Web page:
That was me, in the nanosecond before I fell flat on my face at work last week. I tripped over a student who was sitting on the library floor, watching a movie. All flailing arms and legs, my right hand and knee made a solid impact with the floor, slid across the industrial-grade carpet, and it was over. Only it WASN’T over. Everyone who saw what happened rushed over and proceeded to scold the poor autistic kid that I tripped over – “Criss cross applesauce, Joey! Criss cross applesauce!” Good grief.
Personally, I prefer to jump right up, blood and broken bones aside, pretend that nothing happened, and limp away. I’ve had plenty of practice, and that’s what I was thinking about today — I fall ALL.THE.TIME. It’s genetic. My mother and grandmother are the queen and queen mum of wiping out. It’s really pretty simple. All three of us “run” more than we walk, and we’re rarely paying an appropriate amount of attention to our immediate surroundings.
Five classic tumbles….
My Sister’s Baptism It was the spring of 1975. The November before, my sister was born, bursting the bubble of my life as an only child. The day she was christened, I “ran away from home” during the baptism after-party; to remind everyone that it was still “ALL about me”. Unfortunately, I picked up too much speed on the driveway and wiped out. On the up side, it temporarily caused everyone to refocus their recently skewed priorities.
The Sandbox Incident (also the last time my mother played outside with us….EVER) In the bubble of “safety” my sister and I were raised in, there wasn’t a whole lot of room for rambunctious outdoor play. One fine spring day, my mother, in a fit of spontaneity, agreed to play tag with us in the yard. It was all over much too soon. I was so excited that I took off running, looking back at my mom — who was mouthing a great slow-motion “Nooooooooooo!”, as I catapulted across our sandbox — tearing open my shins, knees, elbows, and chin on the plywood sides. I looked like I ran into a wood chipper. It wasn’t pretty. Back to board games.
Why You Shouldn’t Take Off Your Windbreaker While Riding Your Bike On a bike ride behind our house, I was a good bit ahead of my mother and sister, when I decided to remove my super-cool pink windbreaker while flying down a hill. It caught in my back wheel, the bike stopped, and I flew over the handlebars. My glasses and sneakers flew off, which my mom came upon first, like a bad driver’s ed movie. They found me around the corner, with just a chipped front tooth. (Further proof that fools have guardian angels).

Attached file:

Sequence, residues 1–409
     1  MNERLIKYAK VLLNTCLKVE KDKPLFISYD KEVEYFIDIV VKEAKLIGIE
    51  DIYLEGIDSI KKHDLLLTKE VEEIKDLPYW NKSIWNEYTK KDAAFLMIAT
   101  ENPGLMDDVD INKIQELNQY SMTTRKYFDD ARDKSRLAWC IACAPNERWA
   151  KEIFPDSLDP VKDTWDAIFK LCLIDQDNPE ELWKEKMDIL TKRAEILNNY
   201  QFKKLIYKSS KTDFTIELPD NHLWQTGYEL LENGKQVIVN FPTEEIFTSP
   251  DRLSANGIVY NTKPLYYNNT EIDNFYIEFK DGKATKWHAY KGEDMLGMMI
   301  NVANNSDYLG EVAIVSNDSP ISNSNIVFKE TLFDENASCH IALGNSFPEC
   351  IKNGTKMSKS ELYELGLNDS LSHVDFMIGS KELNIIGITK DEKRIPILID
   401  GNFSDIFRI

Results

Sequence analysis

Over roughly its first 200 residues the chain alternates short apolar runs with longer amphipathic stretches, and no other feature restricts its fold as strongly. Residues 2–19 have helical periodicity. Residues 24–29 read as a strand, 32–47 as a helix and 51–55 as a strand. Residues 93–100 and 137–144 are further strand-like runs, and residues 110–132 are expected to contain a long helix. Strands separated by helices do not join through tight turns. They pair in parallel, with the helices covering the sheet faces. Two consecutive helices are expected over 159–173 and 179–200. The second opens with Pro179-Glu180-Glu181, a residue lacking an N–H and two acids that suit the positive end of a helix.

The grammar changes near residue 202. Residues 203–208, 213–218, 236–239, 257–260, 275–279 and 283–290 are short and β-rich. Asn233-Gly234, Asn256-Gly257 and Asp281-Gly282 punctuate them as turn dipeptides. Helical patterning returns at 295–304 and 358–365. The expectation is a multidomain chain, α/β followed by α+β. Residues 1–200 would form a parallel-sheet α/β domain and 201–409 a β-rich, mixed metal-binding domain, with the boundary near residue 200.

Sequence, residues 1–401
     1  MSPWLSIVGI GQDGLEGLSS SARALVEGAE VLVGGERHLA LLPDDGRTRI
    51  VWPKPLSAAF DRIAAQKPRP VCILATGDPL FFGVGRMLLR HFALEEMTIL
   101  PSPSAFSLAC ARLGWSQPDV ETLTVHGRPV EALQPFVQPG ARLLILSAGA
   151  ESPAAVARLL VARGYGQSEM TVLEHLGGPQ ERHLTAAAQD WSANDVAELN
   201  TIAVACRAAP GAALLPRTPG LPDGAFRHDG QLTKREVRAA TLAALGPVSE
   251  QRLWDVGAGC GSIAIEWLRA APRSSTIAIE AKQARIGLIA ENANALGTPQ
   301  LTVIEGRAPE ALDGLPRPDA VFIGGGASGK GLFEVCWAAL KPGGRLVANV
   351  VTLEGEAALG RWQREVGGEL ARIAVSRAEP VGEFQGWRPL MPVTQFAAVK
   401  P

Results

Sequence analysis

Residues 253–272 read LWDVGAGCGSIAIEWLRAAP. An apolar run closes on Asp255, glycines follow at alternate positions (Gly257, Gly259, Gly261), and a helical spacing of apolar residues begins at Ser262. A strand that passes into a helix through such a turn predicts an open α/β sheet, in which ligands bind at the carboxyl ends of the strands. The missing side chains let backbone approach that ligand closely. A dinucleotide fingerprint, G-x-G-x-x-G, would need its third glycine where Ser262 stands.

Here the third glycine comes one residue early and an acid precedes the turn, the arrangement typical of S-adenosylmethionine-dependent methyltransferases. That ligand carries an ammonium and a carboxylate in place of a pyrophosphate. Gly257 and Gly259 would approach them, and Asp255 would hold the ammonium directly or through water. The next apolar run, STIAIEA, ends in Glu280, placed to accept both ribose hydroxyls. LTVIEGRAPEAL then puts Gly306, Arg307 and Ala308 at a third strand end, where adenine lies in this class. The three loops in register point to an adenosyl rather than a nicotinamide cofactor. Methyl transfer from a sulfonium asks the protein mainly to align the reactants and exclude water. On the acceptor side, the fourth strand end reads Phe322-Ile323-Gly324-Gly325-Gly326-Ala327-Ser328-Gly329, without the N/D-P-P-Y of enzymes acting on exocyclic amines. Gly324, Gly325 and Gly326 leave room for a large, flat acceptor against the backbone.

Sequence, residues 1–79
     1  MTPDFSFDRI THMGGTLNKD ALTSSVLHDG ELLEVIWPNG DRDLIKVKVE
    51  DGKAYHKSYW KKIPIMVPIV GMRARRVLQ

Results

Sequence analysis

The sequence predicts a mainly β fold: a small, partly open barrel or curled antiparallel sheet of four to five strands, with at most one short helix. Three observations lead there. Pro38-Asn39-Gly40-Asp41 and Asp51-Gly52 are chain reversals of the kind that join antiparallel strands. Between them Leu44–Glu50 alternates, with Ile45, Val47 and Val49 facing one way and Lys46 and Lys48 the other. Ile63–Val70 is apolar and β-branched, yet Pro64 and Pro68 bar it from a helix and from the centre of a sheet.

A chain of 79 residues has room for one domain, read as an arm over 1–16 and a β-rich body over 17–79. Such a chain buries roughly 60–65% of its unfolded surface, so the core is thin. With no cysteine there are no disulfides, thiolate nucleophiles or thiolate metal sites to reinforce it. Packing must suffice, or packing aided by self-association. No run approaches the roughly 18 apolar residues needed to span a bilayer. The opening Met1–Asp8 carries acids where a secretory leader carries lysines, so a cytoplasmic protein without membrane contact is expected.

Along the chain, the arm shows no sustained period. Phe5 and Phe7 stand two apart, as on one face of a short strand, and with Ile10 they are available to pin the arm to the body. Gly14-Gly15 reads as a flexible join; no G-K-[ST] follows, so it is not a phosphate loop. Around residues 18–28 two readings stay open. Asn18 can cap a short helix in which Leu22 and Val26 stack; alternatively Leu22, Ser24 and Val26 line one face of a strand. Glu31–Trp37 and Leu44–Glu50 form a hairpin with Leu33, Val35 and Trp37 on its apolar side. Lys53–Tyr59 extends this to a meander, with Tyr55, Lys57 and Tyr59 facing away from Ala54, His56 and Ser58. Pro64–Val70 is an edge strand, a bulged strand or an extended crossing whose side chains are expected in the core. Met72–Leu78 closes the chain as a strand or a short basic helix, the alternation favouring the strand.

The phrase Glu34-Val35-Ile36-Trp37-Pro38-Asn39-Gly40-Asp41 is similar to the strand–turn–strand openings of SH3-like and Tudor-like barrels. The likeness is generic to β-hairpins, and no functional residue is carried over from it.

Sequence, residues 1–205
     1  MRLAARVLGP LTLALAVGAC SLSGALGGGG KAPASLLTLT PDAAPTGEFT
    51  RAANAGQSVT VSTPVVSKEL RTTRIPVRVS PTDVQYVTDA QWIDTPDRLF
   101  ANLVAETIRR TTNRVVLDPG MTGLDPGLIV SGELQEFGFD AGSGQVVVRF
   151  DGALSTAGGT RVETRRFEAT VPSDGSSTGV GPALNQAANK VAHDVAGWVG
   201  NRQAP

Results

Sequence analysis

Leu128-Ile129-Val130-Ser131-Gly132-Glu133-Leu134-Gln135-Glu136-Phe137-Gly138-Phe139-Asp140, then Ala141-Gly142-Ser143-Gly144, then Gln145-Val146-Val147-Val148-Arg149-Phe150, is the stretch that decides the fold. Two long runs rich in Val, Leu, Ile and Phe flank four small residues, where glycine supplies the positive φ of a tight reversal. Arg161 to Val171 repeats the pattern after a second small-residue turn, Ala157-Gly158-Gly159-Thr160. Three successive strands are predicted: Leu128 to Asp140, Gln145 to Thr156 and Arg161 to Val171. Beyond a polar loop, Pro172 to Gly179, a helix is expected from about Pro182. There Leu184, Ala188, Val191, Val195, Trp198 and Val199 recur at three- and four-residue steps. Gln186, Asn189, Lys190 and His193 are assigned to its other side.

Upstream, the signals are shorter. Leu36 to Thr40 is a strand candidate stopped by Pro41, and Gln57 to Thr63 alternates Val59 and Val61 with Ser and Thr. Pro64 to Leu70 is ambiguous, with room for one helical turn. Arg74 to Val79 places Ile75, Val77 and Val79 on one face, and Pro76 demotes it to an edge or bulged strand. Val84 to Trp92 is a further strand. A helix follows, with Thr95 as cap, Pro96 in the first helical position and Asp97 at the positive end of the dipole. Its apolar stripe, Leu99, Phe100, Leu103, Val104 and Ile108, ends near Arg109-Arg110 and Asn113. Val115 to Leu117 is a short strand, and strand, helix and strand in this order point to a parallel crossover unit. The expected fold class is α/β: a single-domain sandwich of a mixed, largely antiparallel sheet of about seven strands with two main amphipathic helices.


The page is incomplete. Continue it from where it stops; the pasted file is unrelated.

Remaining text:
Fallen Angel As a teen, I played an angel in the “living” nativity scene, one Christmas Eve. It was VERY hot before the service, and, just as my mother was passing by, I collapsed. She caught me before I hit the floor, and she still made me reprise my role during the service. How many angels do you really need at the manger? “Tonight, in Bethlehem, ANXIETY is born.”
Dear Miss Lilly I’ve never felt so bad for somebody ELSE when I’ve hurt myself. Lilly was the wonderfully sweet cleaning lady at the hospital where I worked in the late 90s. One morning, I was flying around a corner, when I met her head on. She was pushing a cart with a steel mop bucket welded onto the front, and I pretty much landed on top of the whole thing. Again, with the shins – ouch! I felt worse when Lilly started crying, yelling, “Ooohhh LORD! I done went and RUN you over!!” It was right out of Gone with the Wind, and I made an extra effort to bite my lip while my leg turned four shades of purple.
I’ve fallen down marble steps (cracked kneecap), in church (sprained an ankle and tossed a bible), holding smoothies (dislocated elbow-without dropping smoothies!), and over my own dog (humiliated at the dog park).
You can call me Grace.